In accordance with paragraph 13 of resolution 1822 (2008) and subsequent related resolutions, the ISIL (Da'esh) and Al-Qaida Sanctions Committee makes accessible a narrative summary of reasons for the listing for individuals, groups, undertakings and entities included in the ISIL (Da'esh) and Al-Qaida Sanctions List.
Al-Haramain: Bangladesh Branch was listed on 6 July 2004 pursuant to paragraphs 1 and 16 of resolution 1526 (2004) as being associated with Al-Qaida, Usama bin Laden or the Taliban for “participating in the financing, planning, facilitating, preparing or perpetrating of acts or activities by, in conjunction with, under the name of, on behalf or in support of” Al-Qaida (QDe.004).
Al-Haramain: Bangladesh Branch provided financial, material and/or logistical and technological support to the network of Al-Qaida (QDe.004) and Usama bin Laden (deceased).
Al-Haramain: Bangladesh Branch was a branch of the Saudi Arabia-based Al-Haramain Islamic Foundation which presented itself as a private, charitable, and educational non-governmental organization. When viewed as a single entity, Al-Haramain was one of the principal NGOs active throughout the world providing support for the Al-Qaida network. Funding generally came from individual benefactors and special campaigns which targeted selected business entities around the world.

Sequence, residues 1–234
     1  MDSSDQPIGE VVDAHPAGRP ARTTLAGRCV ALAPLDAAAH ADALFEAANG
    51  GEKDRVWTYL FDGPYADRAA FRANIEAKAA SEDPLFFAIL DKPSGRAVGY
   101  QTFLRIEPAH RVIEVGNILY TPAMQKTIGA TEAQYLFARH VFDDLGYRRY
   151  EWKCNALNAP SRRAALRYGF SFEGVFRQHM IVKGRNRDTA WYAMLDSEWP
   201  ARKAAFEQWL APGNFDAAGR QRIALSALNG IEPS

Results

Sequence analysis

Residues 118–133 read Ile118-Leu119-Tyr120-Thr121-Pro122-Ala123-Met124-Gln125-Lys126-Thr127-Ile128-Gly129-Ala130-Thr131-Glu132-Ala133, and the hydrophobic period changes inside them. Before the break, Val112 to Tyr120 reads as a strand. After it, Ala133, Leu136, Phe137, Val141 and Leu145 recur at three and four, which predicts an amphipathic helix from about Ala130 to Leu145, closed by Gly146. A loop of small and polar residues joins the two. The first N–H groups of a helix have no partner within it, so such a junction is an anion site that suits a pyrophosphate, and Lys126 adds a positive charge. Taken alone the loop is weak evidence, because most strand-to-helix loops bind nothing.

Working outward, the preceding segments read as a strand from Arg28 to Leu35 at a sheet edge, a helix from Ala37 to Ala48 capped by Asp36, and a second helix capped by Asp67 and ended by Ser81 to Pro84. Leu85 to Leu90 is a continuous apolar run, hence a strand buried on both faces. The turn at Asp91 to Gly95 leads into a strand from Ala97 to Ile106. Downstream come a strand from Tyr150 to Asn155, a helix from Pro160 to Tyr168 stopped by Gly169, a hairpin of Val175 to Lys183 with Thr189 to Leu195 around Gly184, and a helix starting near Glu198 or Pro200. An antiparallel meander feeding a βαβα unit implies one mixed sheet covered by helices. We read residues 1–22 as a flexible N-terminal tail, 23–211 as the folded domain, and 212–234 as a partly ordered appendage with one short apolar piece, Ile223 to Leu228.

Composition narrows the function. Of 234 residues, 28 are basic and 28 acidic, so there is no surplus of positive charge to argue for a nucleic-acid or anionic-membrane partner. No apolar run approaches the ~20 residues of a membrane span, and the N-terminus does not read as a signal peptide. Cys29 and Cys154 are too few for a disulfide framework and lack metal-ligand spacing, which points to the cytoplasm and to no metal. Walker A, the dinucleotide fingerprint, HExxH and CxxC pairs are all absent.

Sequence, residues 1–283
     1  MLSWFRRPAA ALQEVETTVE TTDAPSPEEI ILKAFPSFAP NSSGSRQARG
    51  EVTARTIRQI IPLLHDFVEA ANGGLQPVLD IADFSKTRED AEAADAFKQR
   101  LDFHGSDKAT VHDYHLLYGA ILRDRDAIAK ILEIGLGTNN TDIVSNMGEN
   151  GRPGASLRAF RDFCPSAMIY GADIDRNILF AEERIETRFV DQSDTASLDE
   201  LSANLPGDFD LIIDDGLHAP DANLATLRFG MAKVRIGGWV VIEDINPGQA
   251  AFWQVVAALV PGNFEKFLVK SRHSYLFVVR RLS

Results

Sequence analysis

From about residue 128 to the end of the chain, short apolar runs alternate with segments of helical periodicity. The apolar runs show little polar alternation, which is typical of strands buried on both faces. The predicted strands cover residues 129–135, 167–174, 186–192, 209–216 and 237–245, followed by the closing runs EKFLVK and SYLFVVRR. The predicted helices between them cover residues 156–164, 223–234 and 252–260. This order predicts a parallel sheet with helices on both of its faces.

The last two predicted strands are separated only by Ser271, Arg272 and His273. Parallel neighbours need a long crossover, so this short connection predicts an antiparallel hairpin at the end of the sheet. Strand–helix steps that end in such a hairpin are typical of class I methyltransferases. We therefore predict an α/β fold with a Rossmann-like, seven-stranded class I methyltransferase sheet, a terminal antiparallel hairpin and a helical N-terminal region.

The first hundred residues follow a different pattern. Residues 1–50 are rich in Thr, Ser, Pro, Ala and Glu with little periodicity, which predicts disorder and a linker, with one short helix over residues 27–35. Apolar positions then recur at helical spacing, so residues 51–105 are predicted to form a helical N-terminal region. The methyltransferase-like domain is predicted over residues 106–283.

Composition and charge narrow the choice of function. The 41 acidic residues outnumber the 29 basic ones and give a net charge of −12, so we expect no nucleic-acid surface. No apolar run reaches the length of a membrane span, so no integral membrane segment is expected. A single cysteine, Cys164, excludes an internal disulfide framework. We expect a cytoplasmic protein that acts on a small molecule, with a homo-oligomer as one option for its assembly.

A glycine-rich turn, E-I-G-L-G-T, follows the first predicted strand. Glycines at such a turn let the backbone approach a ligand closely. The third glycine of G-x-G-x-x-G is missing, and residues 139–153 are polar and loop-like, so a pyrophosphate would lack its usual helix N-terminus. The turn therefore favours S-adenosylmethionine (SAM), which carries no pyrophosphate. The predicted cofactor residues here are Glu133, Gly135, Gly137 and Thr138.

The Al-Haramain branches in Bosnia and Herzegovina (QDe.071), Somalia (QDe.072), Indonesia (QDe.103), Kenya (QDe.105), Tanzania (QDe.106), Pakistan (QDe.104), Afghanistan (QDe.110), Albania (QDe.111), Bangladesh, Ethiopia (QDe.113), the Netherlands (QDe.114), and the Union of the Comoros (QDe.116) have provided financial, material, and/or technological support to the Al-Qaida network, including Jemaah Islamiyah (QDe.092), Al-Itihaad al-Islamiya / AIAI (QDe.002), the Egyptian Islamic Jihad (QDe.003) and Lashkar-e-Tayyiba (QDe.118). These terrorist organizations received funding from Al-Haramain and used Al-Haramain as a front for fundraising and operational activities.
A senior Al-Haramain official deployed a Bangladeshi national to conduct surveillance on United States consulates in India for potential terrorist attacks. The Bangladeshi national was arrested in early 1999 in India, carrying four pounds of explosives and five detonators. The terrorist suspect told the police that he intended to attack United States diplomatic missions in India. The suspect confessed to training in Al-Qaida terrorist camps in Afghanistan, where he met Usama bin Laden in 1994. The suspect first heard of plans for these attacks at the Al-Haramain office in Bangladesh.